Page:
Posts Tagged ‘NZ Fur Trade’

Brushtail Possum a NZ backyard Fur Trade

Saturday, May 4th, 2013
[The following article was written by Tigerquoll and first published on ^  under the title ‘Brushtail Possums are a destructive pest in NZ – but is persevering with a backyard fur trade New Zealand’s ethical solution?   Comments have been included.]


Australia’s native Brushtailed Possum (Trichosurus vulpecula)
Click image to enlarge
[Image courtesy of Ákos Lumnitzer, ^]


Australian Possums were introduced by New Zealanders to New Zealand in 1837


Brushtail Possums are native to Australia but a destructive introduced pest in New Zealand.

Yet is ‘Possum Merino‘ New Zealand’s ethical solution to its pest control or really just perpetuating a backward 1837 Fur Trade?

After all, it was New Zealander colonists in 1837 who sailed to Tasmania and to the east coast of Australia to poach Australian Brushtailed Possums and export and introduce them into defenceless New Zealand so as to establish a selfish fur trade.  Who else is to blame?

So thanks to colonists, Brushtail Possums have unquestioningly since become a destructive colonising pest to New Zealand, just like so many others –

  • Stoats
  • Domestic cats
  • Chamois
  • Deer
  • Ferrets
  • Goats
  • European hedgehogs
  • Horses
  • House mice
  • Rabbits
  • Rats
  • Himalayan tahrs
  • Wallabies (also poached from Australia by colonial New Zealanders)
  • Weasels
  • and arguably all non-Maori humans.


Introduced New Zealanders and their descendants professing natural New Zealand justice need to frankly pull their imposive self-righteous heads in.


A Maori traditional Haka


Probably the most relevant and credible authority on this centuries old problem of human introduced possums into New Zealand should be New Zealand’s own Department of Conservation (DOC).  Yet DOC has no watchdog to vet its possum control policy, to evaluate the ethics of its indiscriminate aerial 1080 poison programmes, its budget decision making, its pest control methods.

New Zealand Department of Conservation is its own master, answerable to no-one.  It dictates possum control and culling only on the basis of it deeming it administratively cost effective and efficient. Perhaps this is a leftover culture of Rogernomics applied to lean management of New Zealand’s ecology.   On the New Zealand Department of Conservation website, the possum problem in New Zealand is clearly explained. An issue this author accepts as a serious ecological problem facing New Zealand.

Under the heading 3.3 Possum Damage to Native (NZ) Forests, the possum problem in NZ is explained as follows:

“Over the past 50 years, possums have emerged as one of the major threats to the health and wellbeing of forests throughout New Zealand. Many of these impacts are subtle and indirectly affect native birds and insects. Possums cause damage to native forests from the ground level to the canopy where, by concentrating on individual plants of their preferred species, they can kill trees by defoliation over several years. Possums preferentially feed on some of the tall canopy species – such as tawa, northern rata, kohekohe, southern rata, kamahi, pohutukawa and 20 Hall’s totara – while ignoring others. They also prefer some of the smaller trees, such as tree fuchsia and wineberry, along with mistletoe, forest herbs, some ferns, and a number of endangered shrubs.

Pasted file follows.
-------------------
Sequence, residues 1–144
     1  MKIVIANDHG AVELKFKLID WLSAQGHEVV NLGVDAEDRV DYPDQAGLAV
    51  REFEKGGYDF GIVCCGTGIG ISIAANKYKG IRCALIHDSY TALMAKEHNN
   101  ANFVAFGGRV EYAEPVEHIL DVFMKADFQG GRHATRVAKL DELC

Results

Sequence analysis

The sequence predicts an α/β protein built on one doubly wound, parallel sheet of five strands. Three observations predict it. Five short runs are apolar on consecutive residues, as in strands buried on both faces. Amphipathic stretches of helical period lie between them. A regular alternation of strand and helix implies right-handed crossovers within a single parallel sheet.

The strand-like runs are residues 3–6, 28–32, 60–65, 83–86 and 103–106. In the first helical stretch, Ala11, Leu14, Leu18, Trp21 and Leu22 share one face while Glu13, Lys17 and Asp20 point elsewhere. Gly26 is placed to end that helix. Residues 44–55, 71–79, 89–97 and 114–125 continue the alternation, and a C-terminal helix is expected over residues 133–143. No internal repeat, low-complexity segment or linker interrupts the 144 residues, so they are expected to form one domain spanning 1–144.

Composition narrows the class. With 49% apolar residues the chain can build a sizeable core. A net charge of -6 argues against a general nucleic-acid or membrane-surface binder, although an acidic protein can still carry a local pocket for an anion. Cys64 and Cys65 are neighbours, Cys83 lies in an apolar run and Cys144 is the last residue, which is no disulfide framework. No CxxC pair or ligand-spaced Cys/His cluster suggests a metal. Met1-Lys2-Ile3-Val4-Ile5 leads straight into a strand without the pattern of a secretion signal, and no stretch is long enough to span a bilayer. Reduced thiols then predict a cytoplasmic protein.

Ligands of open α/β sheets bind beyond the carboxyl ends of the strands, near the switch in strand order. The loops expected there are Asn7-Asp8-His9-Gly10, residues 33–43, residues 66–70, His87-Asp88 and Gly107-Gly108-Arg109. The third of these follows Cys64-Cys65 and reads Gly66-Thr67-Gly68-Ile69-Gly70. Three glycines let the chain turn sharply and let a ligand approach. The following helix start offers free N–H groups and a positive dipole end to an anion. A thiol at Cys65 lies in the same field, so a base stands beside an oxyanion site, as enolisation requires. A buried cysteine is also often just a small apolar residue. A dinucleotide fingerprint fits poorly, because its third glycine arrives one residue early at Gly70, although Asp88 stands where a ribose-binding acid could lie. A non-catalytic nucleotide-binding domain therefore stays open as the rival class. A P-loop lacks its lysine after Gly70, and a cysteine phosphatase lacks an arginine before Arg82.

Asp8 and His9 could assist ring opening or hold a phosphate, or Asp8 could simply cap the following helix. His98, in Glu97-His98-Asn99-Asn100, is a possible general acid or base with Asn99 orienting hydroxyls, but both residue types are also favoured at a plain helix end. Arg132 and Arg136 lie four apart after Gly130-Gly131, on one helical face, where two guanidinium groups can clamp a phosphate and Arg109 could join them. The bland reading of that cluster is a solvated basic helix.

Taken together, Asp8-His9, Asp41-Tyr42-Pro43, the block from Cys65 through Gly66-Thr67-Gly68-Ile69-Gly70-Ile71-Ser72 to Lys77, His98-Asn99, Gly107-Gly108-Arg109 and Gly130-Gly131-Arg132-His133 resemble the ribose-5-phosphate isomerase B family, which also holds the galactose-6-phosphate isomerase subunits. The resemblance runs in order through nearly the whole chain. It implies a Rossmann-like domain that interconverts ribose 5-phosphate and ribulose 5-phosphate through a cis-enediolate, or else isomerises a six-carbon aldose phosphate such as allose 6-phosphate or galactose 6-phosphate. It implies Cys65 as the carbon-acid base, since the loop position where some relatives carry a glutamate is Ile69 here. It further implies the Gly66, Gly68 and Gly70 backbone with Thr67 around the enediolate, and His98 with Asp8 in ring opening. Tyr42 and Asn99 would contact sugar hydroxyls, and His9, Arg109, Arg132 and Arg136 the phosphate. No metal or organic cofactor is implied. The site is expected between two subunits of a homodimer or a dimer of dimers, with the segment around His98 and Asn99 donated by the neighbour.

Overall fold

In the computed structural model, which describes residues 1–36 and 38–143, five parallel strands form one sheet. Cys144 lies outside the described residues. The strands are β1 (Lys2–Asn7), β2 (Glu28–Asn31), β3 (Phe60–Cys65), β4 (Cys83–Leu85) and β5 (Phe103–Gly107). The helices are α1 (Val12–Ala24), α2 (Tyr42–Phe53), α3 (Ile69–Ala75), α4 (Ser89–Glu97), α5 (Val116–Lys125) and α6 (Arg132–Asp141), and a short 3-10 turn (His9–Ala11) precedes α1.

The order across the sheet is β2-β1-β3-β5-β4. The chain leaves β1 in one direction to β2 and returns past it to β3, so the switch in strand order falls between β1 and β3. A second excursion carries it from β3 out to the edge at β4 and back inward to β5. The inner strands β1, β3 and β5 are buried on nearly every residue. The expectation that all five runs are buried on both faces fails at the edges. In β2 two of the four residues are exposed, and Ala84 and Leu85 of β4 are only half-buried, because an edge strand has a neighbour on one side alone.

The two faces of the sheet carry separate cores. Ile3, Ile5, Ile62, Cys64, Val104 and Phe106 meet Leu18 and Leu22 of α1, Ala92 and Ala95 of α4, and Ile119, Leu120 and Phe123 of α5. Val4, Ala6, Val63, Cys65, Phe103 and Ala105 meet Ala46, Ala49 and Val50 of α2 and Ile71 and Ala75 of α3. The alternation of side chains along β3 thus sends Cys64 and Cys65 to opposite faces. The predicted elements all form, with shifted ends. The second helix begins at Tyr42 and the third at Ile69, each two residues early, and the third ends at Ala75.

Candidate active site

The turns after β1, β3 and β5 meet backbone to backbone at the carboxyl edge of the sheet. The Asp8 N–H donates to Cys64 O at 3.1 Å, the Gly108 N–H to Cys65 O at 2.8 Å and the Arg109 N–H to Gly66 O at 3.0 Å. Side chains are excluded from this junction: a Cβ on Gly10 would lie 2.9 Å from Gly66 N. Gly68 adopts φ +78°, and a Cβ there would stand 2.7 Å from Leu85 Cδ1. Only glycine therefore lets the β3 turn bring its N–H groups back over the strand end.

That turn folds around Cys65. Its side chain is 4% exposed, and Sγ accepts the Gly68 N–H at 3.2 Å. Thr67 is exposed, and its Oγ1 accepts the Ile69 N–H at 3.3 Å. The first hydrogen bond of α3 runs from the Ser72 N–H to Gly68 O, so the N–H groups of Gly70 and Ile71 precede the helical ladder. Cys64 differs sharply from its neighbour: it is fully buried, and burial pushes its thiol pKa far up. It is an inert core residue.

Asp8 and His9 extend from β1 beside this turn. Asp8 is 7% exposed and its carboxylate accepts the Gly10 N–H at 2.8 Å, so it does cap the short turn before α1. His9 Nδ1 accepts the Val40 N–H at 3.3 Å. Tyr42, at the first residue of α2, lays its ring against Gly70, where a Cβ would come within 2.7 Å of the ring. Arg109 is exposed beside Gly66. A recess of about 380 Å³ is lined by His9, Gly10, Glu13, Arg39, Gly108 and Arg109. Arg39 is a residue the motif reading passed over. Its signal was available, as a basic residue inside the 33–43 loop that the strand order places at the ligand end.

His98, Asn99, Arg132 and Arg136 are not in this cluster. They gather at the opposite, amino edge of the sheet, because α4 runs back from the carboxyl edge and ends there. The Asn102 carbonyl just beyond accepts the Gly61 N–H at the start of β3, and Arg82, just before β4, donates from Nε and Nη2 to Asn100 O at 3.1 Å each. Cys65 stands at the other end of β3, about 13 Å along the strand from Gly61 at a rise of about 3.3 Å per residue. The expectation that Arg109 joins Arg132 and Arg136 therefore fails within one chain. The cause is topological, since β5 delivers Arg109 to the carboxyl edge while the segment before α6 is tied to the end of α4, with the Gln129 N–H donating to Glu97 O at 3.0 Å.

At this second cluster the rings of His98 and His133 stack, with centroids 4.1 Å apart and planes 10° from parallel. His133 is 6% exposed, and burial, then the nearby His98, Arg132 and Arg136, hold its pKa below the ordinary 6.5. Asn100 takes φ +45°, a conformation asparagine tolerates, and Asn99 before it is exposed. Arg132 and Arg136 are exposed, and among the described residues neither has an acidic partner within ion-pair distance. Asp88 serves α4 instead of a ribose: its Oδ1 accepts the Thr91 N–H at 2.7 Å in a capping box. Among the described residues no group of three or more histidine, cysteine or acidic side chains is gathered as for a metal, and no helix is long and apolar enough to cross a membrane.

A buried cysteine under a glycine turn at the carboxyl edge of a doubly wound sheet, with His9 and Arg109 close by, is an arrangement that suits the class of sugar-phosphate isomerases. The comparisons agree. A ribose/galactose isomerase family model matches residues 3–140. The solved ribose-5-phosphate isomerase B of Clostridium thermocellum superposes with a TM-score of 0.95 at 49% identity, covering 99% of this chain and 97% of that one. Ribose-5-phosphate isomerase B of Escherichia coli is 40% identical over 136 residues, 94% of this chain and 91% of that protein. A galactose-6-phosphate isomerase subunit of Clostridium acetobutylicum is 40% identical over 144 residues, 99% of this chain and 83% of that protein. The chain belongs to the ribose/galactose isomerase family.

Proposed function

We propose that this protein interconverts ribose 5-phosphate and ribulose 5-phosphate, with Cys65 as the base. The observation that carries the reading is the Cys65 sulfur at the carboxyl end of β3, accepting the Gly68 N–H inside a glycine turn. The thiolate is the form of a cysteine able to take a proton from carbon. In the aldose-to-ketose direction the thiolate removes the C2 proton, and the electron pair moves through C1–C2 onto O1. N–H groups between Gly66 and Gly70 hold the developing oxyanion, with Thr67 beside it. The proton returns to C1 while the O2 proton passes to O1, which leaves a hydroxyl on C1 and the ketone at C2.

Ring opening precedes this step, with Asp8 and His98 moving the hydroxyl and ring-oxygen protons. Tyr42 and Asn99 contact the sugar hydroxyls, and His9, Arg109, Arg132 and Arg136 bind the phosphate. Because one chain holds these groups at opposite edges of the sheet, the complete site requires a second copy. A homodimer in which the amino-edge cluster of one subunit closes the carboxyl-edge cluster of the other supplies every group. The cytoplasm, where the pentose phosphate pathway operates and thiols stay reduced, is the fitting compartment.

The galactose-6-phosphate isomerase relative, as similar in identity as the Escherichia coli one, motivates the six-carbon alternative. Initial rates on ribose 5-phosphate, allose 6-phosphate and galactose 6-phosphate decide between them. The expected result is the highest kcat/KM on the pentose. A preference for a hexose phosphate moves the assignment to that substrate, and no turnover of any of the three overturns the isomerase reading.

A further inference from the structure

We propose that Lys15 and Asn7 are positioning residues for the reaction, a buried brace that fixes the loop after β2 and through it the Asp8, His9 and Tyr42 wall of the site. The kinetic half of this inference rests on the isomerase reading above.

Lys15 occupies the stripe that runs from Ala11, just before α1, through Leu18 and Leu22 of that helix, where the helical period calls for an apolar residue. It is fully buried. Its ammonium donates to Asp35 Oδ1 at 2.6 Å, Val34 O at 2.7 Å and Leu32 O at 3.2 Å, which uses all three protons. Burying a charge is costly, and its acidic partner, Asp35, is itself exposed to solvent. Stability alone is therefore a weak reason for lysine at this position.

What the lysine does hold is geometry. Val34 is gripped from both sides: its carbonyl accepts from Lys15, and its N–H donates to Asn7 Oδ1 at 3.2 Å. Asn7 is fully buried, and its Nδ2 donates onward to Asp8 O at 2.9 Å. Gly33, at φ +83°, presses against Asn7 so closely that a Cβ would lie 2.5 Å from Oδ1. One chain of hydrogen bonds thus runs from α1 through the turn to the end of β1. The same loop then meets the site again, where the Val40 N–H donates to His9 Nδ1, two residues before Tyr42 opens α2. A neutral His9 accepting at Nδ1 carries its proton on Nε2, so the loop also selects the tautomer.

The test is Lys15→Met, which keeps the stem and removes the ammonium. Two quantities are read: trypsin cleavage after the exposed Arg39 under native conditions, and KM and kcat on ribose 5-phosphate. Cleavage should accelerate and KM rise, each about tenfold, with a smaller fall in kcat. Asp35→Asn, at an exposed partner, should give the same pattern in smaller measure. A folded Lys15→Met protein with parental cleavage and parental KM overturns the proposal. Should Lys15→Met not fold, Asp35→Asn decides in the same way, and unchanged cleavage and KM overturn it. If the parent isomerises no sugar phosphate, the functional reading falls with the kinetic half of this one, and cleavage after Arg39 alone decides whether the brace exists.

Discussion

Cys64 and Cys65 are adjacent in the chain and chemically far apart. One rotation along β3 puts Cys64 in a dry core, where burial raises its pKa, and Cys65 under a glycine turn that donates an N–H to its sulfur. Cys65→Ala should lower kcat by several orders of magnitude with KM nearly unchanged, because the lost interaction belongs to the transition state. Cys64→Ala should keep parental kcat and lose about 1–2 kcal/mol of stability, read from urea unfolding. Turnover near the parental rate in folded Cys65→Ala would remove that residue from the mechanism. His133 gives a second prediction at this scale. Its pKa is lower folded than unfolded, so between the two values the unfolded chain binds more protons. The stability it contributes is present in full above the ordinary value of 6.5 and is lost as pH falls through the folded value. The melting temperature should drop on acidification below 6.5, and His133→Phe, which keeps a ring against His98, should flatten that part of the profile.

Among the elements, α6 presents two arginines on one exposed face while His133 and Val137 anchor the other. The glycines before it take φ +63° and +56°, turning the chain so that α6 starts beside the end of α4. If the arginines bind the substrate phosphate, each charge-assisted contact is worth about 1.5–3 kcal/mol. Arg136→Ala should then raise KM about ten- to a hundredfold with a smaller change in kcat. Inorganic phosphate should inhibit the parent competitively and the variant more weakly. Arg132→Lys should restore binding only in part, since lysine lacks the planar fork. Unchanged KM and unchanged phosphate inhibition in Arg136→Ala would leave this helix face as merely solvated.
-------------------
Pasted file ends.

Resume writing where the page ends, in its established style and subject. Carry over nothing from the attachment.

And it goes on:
It is difficult to imagine that possums, which are about the size of a large cat, can kill individual trees that have dominated forest landscapes for centuries before possums were released here. But when the number of possums is combined with the total amount each one eats, their impact on their preferred species is easier to appreciate. The amount of food consumed by an adult possum each night is about 160 gm of digestible dry matter. There are probably tens of millions of possums living in native forests. In total, possums are consuming thousands of tonnes of vegetation each night.

Possum populations have now modified many New Zealand forests. The rate and extent of these changes vary widely between different types of forests. Beech forests are the least affected, but in the vulnerable southern rata-kamahi forests of Westland many valleys have lost between 20% to 50% or more, of their canopy trees. In severe situations, possums have caused the complete collapse of the canopy within 15–20 years of their arrival. Tall forest is then replaced by shrublands.

While the impact of possums is most visible and dramatic when it involves canopy trees, their most pervasive impacts are often less visible. Possums have recently been described as “reluctant folivores”. This means that possums prefer to eat other forest foods than the leaves of trees. Flowers, fruit, leaf buds, fungi and insects are all highly favoured. The consumption of these foods has the largest impact on the healthy functioning of forests and the animals that rely on them. The consequences of possums concentrating on these foods are:


Loss of Flowers:


  • Preventing the formation of seeds
  • Removing nectar sources for birds and bats
  • Reducing the food supply for many invertebrates
  • Nectar loss reducing food supplies for chicks, e.g. kaka, tui.


Loss of Fruits:


  • Reducing food supplies for birds and invertebrates
  • Affecting bird breeding condition and nesting success, e.g. kakapo, kereru
  • Reducing or eliminating seed dispersal
  • Reducing the regenerative capacity of native plants.


Loss of New Shoots:


  • Reducing the ability of plants to overcome leaf loss from weather and seasonal patterns